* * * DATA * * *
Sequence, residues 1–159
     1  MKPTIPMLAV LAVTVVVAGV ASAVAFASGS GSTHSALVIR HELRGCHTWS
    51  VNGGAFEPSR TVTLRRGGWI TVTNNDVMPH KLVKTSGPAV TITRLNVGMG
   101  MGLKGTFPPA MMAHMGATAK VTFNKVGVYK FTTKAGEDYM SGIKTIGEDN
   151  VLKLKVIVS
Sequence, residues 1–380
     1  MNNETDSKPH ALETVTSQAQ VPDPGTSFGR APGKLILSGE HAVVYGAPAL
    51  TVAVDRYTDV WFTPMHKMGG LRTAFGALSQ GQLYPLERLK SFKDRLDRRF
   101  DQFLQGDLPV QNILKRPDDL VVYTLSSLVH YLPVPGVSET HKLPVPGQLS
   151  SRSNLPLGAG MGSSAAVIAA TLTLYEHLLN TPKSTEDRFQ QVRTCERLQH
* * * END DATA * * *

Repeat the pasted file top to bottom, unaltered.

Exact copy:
Sequence, residues 1–159
     1  MKPTIPMLAV LAVTVVVAGV ASAVAFASGS GSTHSALVIR HELRGCHTWS
    51  VNGGAFEPSR TVTLRRGGWI TVTNNDVMPH KLVKTSGPAV TITRLNVGMG
   101  MGLKGTFPPA MMAHMGATAK VTFNKVGVYK FTTKAGEDYM SGIKTIGEDN
   151  VLKLKVIVS
Sequence, residues 1–380
     1  MNNETDSKPH ALETVTSQAQ VPDPGTSFGR APGKLILSGE HAVVYGAPAL
    51  TVAVDRYTDV WFTPMHKMGG LRTAFGALSQ GQLYPLERLK SFKDRLDRRF
   101  DQFLQGDLPV QNILKRPDDL VVYTLSSLVH YLPVPGVSET HKLPVPGQLS
   151  SRSNLPLGAG MGSSAAVIAA TLTLYEHLLN TPKSTEDRFQ QVRTCERLQH